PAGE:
This masterfully crafted horror classic, featuring a brand-new introduction by Dan Simmons, will bring you to the edge of your seat, hair standing on end and blood freezing in your veins
It's the summer of 1960 and in the small town of Elm Haven, Illinois, five twelve-year-old boys are forging the powerful bonds that a lifetime of change will not break. From sunset bike rides to shaded hiding places in the woods, the boys' days are marked by all of the secrets and silences of an idyllic middle-childhood. But amid the sundrenched cornfields their loyalty will be pitilessly tested. When a long-silent bell peals in the middle of the night, the townsfolk know it marks the end of their carefree days. From the depths of the Old Central School, a hulking fortress tinged with the mahogany scent of coffins, an invisible evil is rising. Strange and horrifying events begin to overtake everyday life, spreading terror through the once idyllic town. Determined to exorcize this ancient plague, Mike, Duane, Dale, Harlen, and Kevin must wage a war of blood—against an arcane abomination who owns the night...
Hugo Award-winning novelist Simmons's ( Hyperion ) has produced an outstandingly eerie and truly horrifying tale, a page-turner of the first order. A miasma of evil hangs over the bright summer streets of the small town of Elm Haven, Ill., perceptible only to a group of boys who have just finished their last year at Old Central, an oversize, grotesquely ornate grade school built in the previous century. When one of the students disappears on the last day of school, some of the youngsters decide to investigate. A man dressed in World War I uniform begins to follow them, as does the rendering truck, driven by the school custodian Van Syke, a vehicle that stinks from the animal carcasses it carries. When one of the boys uncovers ties among Old Central, children who vanished at the turn of the century and an ancient evil from the Old World, he is killed in a vicious fashion by creatures of the night. The other boys move to defend themselves, knowing they will not be believed by the adults, especially because the horrors appear to be directed by the respected principal of the school. Simmons impeccably evokes a small Midwestern town in 1960, peopling it with appealing--and appaling--characters. His slow and careful introduction of the elements of evil builds credibility and moves to a high-pitched intensity. BOMC alternate.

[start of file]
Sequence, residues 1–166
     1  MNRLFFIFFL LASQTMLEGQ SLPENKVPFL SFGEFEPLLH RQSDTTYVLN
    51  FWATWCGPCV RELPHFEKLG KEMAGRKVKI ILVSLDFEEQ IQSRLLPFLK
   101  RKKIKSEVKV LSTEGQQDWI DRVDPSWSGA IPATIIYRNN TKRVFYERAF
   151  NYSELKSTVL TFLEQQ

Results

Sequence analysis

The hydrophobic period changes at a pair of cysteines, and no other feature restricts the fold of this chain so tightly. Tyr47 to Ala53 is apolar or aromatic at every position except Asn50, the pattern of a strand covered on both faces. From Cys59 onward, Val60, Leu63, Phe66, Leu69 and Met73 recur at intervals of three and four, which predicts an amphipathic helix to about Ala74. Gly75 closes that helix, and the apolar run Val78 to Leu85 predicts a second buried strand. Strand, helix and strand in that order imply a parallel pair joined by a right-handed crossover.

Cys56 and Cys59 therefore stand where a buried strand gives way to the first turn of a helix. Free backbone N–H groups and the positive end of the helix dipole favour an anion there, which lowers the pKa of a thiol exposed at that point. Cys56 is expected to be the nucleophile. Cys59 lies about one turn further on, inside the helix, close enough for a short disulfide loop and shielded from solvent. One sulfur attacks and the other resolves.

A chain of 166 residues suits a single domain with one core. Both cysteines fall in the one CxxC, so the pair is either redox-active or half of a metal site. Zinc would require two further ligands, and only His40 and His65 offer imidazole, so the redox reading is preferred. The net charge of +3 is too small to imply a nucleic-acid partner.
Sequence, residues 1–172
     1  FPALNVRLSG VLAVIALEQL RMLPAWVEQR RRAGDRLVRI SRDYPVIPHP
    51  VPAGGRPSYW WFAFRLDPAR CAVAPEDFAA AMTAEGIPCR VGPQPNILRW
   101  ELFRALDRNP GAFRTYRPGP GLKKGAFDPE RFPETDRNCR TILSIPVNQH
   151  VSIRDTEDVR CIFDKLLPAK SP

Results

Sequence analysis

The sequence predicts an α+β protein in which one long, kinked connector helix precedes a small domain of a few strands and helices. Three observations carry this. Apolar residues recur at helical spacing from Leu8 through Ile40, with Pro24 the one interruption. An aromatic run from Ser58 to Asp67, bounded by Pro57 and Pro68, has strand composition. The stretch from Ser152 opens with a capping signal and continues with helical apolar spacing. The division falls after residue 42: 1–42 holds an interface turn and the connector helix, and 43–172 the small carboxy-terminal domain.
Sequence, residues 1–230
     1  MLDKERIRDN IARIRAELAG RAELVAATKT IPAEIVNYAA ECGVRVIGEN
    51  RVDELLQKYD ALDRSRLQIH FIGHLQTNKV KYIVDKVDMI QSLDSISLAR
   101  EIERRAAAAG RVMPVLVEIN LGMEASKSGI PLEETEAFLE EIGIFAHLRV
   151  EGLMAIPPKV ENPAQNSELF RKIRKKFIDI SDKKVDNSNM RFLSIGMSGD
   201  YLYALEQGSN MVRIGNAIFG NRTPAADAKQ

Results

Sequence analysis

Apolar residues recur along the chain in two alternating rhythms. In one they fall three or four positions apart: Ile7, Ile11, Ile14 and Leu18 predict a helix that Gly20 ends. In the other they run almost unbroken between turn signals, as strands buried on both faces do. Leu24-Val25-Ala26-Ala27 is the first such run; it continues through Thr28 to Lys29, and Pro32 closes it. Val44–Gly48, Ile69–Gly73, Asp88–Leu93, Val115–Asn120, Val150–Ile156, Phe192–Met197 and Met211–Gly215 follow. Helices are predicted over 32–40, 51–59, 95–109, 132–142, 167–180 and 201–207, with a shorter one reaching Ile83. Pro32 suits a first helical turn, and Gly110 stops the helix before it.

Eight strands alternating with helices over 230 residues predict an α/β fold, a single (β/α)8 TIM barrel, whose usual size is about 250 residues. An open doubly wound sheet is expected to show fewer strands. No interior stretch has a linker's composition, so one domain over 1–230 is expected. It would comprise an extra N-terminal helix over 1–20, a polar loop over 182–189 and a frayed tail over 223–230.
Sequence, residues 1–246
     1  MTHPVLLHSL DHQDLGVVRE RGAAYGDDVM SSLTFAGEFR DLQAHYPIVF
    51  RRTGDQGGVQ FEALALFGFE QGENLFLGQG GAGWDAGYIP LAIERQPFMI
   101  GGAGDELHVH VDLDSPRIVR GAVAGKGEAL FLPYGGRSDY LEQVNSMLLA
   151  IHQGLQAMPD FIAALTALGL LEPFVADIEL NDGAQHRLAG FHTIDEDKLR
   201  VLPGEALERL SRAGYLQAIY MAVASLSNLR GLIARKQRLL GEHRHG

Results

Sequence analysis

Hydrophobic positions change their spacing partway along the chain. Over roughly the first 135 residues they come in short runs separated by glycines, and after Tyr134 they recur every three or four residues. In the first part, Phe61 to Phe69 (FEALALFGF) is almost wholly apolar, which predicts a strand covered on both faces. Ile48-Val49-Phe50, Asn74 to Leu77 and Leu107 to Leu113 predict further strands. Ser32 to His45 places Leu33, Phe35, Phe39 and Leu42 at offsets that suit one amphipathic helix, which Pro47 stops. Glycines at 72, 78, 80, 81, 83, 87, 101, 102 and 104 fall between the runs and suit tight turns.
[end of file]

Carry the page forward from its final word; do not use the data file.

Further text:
Customer ReviewsSee All
Brilliant right until the ending.
I do not understand how an author’s book can be so well crafted, keeping you on the edge of your seat with fear; then have a silly, completely non frightening ending.
Just when you think some horrifying evil is going to leap out of the dark Mr. Simmons gives a monster that is as frightening as a bowl of jello. No discussions about what the evil is just a mishmash of bits and pieces that don’t add up.
Classic old school horror
A great story that took me back to my childhood. Well done!
Read this book many, many years ago. I don't have the words to describe it. Suffice it to say, it is one of the very best books I have ever read!
If you like horror, this is one to get. But it goes deeper than that. Book raises the horror genre into the lofty realm of literature that only a few have done in the past. Bradbury did it with "Something Wicked This Way Comes" (which it shares similarities with). Straub did it with "Ghost Story". And McCammon did it with "Swan Song". Of course, there are others, and this is only my opinion, but for me, this book IS that good.